Friday, March 06, 2009

How much is a dolphin worth?

What would you trade to save a dolphin's life? A single shark seems like a pretty good deal. How about about 10 sharks? That's getting a bit pricey.

What about 25,824 small tuna, 382 mahi-mahi, 188 wahoo, 82 yellowtail and other large fish, 27 sharks and rays, 1 billfish, 1,193 triggerfish and other small fish and 0.06 endangered sea turtles? That's the bycatch cost associated with saving a single dolphin by moving to 'dolphin safe' tuna fishing practices. Dolphin safe tuna, it turns out, is an ecological disaster. It seems the only species it's better for is dolphins. The reason is the method used to find the tuna schools.
[A]fter a large group of tuna is located, a miles-across purse seine net is closed around them via a group of small boats associated with a large factory ship. It’s an effective way to catch large amounts of fish for not a lot of money.

This technique is pretty standard- the main variation lies in how the large group of tuna is located. There are basically three ways to do this.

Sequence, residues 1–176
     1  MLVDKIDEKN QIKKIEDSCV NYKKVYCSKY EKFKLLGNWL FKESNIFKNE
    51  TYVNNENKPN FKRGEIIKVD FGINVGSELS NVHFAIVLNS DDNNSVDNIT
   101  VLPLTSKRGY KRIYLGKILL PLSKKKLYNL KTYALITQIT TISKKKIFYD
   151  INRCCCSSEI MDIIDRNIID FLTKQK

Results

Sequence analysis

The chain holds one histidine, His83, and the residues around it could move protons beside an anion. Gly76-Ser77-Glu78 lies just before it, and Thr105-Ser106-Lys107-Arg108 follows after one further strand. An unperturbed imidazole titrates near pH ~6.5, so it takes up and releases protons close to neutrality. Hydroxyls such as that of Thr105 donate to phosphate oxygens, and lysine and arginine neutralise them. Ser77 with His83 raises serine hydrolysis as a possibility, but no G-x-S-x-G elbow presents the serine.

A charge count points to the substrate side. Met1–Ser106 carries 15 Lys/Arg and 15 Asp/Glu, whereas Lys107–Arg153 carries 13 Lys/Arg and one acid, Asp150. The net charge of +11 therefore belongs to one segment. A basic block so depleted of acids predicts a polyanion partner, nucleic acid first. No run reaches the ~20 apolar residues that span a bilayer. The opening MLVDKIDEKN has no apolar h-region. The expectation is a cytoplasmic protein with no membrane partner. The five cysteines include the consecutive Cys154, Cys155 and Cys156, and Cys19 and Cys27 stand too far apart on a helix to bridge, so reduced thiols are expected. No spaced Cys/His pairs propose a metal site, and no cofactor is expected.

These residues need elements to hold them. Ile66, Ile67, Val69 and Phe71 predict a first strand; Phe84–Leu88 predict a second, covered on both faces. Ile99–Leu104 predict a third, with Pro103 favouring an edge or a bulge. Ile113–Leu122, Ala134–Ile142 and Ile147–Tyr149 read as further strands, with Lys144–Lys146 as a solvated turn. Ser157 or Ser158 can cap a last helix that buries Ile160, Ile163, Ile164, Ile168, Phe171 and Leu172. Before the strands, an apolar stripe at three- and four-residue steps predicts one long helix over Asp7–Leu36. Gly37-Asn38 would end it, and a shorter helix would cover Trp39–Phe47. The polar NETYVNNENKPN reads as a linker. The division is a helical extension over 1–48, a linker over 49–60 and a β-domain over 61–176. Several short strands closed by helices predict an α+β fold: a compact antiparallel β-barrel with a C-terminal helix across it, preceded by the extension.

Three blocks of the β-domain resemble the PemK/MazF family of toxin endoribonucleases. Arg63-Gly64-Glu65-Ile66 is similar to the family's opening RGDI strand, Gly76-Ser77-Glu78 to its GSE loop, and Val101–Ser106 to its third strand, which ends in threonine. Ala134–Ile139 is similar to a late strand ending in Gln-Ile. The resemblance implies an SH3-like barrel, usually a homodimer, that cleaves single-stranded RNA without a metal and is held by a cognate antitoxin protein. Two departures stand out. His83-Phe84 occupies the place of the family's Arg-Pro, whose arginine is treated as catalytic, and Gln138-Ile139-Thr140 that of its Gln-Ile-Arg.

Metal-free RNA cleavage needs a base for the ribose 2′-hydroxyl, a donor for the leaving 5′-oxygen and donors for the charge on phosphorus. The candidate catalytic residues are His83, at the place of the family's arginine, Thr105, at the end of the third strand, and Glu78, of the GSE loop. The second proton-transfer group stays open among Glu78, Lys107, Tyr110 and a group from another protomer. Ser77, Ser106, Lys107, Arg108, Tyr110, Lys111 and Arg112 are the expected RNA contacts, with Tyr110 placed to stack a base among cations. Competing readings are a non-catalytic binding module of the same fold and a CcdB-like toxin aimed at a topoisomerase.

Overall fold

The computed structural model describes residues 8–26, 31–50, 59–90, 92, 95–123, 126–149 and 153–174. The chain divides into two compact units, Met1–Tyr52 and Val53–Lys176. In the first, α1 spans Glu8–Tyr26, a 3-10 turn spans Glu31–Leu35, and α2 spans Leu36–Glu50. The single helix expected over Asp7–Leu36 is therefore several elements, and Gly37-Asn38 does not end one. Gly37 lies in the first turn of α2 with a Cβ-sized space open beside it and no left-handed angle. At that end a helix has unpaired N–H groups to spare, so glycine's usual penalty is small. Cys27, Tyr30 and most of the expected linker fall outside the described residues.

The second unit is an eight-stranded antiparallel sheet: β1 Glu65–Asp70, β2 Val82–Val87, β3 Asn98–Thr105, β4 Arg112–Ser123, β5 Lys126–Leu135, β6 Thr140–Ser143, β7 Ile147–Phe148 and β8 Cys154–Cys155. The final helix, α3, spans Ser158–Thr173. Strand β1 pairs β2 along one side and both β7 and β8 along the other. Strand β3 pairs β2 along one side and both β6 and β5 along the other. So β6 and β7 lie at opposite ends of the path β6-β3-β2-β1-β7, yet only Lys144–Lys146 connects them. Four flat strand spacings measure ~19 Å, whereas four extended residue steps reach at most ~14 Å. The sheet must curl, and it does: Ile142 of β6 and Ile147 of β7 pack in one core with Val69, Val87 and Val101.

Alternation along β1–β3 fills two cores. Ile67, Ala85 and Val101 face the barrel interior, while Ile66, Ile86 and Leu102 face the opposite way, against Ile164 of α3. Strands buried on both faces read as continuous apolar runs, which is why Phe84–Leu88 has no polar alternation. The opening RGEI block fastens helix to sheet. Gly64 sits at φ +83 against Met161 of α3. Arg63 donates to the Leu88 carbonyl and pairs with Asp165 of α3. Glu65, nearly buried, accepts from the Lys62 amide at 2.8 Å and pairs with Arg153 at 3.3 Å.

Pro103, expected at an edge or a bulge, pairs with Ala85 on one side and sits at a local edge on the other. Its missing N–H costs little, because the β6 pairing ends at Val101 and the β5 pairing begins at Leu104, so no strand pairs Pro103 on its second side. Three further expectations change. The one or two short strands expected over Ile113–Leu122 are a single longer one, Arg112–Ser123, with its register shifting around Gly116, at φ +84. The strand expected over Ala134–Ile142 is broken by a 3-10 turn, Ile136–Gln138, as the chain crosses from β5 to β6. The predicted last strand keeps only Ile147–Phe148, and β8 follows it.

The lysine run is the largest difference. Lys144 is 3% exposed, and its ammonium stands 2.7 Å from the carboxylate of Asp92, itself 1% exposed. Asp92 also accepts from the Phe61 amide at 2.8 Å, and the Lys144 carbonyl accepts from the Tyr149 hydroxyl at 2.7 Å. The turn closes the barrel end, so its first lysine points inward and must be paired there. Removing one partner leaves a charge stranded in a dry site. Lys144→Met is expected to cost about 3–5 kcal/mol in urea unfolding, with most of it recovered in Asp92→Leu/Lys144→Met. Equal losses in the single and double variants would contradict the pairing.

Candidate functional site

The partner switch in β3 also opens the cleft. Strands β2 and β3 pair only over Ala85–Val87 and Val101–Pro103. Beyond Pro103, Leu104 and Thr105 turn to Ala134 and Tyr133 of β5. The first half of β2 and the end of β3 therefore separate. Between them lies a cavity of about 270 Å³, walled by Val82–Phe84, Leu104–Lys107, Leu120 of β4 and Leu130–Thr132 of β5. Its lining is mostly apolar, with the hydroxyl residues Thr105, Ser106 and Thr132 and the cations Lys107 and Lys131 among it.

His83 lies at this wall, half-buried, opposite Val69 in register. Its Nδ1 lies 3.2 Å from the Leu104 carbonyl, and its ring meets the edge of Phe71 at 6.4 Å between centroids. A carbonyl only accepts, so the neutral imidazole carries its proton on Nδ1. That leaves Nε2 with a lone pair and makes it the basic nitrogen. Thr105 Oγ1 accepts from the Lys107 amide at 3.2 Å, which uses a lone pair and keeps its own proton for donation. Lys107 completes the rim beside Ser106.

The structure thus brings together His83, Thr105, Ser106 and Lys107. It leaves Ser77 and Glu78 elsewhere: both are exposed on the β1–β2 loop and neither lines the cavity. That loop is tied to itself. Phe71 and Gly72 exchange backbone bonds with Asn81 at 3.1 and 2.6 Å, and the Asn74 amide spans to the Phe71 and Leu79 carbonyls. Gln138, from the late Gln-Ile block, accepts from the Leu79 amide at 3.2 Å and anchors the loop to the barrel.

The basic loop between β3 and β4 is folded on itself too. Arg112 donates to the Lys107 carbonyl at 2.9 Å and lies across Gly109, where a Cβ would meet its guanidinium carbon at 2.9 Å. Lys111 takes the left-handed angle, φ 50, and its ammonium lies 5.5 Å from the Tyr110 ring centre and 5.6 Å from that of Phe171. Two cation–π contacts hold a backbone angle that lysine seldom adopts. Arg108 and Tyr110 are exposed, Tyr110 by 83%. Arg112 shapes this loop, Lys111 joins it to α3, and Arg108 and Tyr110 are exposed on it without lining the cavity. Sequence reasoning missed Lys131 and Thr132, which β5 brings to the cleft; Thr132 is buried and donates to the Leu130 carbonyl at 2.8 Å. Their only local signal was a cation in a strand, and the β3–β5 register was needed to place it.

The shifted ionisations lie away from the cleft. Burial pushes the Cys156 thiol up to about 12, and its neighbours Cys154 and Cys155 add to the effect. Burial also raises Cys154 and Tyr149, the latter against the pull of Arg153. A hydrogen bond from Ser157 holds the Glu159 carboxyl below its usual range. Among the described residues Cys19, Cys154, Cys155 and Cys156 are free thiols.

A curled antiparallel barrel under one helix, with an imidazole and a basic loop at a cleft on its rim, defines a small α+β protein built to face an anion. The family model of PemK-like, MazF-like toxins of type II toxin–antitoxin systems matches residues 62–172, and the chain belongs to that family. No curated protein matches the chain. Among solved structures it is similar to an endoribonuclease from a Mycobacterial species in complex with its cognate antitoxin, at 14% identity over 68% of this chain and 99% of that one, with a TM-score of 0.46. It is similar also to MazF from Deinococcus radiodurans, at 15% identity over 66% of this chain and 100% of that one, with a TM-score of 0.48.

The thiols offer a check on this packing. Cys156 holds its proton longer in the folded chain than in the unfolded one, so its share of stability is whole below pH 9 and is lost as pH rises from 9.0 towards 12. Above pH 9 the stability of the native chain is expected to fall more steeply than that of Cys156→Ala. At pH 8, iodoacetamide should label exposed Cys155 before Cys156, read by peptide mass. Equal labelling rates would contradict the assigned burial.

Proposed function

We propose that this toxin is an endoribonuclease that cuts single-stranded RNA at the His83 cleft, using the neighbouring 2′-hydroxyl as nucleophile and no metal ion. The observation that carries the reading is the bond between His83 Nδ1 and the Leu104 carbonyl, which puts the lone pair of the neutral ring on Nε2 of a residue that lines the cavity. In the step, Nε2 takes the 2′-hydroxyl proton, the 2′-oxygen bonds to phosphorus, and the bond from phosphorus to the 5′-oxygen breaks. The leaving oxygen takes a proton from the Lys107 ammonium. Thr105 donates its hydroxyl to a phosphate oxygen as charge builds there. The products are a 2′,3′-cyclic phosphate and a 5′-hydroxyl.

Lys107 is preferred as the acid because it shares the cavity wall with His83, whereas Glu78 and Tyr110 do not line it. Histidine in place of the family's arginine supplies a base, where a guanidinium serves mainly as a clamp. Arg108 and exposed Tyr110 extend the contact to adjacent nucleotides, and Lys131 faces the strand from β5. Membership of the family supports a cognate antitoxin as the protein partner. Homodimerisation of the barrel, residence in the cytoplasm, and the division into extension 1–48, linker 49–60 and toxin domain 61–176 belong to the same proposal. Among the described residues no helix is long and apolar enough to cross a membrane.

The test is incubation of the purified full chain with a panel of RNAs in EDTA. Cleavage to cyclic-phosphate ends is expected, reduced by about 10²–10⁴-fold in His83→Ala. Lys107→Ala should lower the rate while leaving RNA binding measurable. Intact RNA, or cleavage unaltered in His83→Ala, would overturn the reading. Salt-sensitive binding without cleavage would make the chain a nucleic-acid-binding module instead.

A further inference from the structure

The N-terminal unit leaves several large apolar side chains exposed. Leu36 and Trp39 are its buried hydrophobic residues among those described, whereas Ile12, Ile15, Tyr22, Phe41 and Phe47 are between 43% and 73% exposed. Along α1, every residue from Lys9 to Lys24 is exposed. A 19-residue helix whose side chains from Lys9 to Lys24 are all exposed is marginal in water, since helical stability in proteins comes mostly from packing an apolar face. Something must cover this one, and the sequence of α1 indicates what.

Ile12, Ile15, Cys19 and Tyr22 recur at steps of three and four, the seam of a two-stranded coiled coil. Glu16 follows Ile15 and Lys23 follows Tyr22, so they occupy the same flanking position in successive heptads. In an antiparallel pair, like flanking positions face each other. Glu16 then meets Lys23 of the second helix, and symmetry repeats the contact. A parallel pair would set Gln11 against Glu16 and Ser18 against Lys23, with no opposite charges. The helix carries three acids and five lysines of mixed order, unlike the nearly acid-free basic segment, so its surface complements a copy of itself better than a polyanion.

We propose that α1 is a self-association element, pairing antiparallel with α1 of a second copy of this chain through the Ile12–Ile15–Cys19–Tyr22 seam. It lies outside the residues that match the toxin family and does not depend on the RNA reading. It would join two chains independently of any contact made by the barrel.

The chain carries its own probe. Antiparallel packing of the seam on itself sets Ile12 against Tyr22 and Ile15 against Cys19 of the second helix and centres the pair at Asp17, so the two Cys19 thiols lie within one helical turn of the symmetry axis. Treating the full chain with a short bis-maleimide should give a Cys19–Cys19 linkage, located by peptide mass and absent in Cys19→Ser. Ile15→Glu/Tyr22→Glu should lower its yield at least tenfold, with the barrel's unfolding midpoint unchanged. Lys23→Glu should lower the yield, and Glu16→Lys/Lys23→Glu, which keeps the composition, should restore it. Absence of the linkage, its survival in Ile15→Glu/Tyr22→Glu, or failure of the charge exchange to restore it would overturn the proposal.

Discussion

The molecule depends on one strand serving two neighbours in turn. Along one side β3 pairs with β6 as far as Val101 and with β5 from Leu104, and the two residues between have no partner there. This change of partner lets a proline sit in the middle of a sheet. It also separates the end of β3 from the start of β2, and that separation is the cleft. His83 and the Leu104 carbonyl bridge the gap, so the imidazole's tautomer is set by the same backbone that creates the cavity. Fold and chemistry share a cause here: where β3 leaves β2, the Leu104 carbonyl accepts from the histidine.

1. Get lucky and happen to stumble across a large group of tuna visible from the surface in the middle of an enormous ocean. Obviously, this isn’t terribly practical.

  2. Attract tuna using floating objects. Stay tuned, we’ll come back to #2.

  3. Follow dolphins, because dolphins in the Eastern Tropical Pacific are often associated with large schools of tuna. Dolphins are easy to follow because, unlike tuna, they have to come up for air.
For a long time, #3 was the most common way of catching tuna. The problem with this method was that by definition, dolphins are right there- and they get caught in the net as well.
Unfortunately the problem with #2 is that floating objects attract so much more than just tuna, resulting in the bycatch mentioned above. Dolphin-associated tuna schools, on the other hand, are primarily mature tuna.

Dolphin-safe tuna is even bad for the tuna. The 'small tuna' bycatch refers to pre-reproductive fish, removing them from the breeding pool and making tuna fishery even more unsustainable.

Of course changing the 'dolphin friendly' label to 'eco unfriendly' (or 'ONLY dolphin friendly) is probably never going to happen.

What's a dolphin worth to you?


Anonymous said...

Dolphins are far more intelligent than any of the other bycatch species mentioned. This is why it is far more important to save a dolphin than any of the other species. The dolphins represent the most likely species to exact their revenge upon fish eating humans. Keep them happy, and perhaps they will continue to let us coexist.

Anonymous said...

"Intelligent and friendly on rye bread with some mayonnaise."

Bayman said...

Personally I always look for the tuna-safe logo when I buy my dolphin.